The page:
It seems uncontroversial to say that state and local government shouldn’t regulate a local kid’s summer lemonade stand or informal lawn mowing service out of business. Yet not everyone agrees.
Alainna Parris, one such lawn-mowing teen in Gardendale, Alabama, faced a difficult situation recently when she received a complaint that she was operating an unlicensed lawn mowing business. According to a Gardendale statute passed in 2007, it was illegal for Alainna to mow without first applying for a $110 business license.
Interestingly, the complaint originated from one of Alainna’s competitors, not a customer victimized by unregulated mowing. By offering lawn mowing services at $30 apiece, Alainna cut into the professional lawn care service’s profits, which raised their ire. The only true “victims” of Alainna’s services were her competitors.
It seems outrageous that an existing business would try to shut down a teenager working for extra money, but most occupational licensing laws across the country work just this way, including those in Nebraska. By favoring already established businesses over new entries, occupational licenses lift the bottom rung of the economic ladder out of the reach of workers with the fewest skills, and the least experience and resources.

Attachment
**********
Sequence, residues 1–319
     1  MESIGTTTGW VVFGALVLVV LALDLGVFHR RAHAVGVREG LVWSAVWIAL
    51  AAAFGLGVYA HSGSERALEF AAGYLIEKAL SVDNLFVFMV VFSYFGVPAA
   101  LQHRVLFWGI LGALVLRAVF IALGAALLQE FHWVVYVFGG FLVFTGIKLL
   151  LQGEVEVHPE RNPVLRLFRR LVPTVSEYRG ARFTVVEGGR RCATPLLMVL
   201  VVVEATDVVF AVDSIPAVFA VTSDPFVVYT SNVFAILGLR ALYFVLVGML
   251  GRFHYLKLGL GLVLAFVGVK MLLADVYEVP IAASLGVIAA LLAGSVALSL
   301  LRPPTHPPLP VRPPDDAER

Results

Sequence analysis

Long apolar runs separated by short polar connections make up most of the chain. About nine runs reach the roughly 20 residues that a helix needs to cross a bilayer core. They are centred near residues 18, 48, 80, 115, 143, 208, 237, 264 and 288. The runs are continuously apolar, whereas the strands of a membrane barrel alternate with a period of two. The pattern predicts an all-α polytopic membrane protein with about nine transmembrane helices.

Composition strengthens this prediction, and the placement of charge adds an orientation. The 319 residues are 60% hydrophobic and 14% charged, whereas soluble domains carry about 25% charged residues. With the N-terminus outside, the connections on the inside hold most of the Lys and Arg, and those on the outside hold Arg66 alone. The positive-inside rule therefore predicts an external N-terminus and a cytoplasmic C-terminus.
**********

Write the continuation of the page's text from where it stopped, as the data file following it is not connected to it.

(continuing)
Whether licenses require long hours of training, like the 1,000 hour requirement for Nebraska massage therapists, or burdensome fees, like the $1,005 duty for Nebraska sign language interpreters, they exclude people at the bottom of the ladder from using their skills to provide for themselves.
Fortunately for them, but sadly for the state of Nebraska, they can go elsewhere. According to the U.S. Census Bureau, about 8,000 Nebraskans moved to Iowa in 2013. Some may cross the river just to escape onerous licensing laws, like Ilona Holland, whose 600 hours of training allowed her to practice massage therapy in Council Bluffs, but not in Omaha.
When cronyism wins on occupational licenses, Nebraska loses, and vulnerable Nebraskans are hurt most of all. The growing number of occupations with burdensome licensing requirements jeopardizes Nebraska’s promise of the Good Life. Happily, cronyism did not win in Gardendale, Alabama, where the city quickly passed an ordinance allowing students to mow without a license. Nebraska should follow Gardendale’s example and repeal or reform licensure laws that hold its citizens back.
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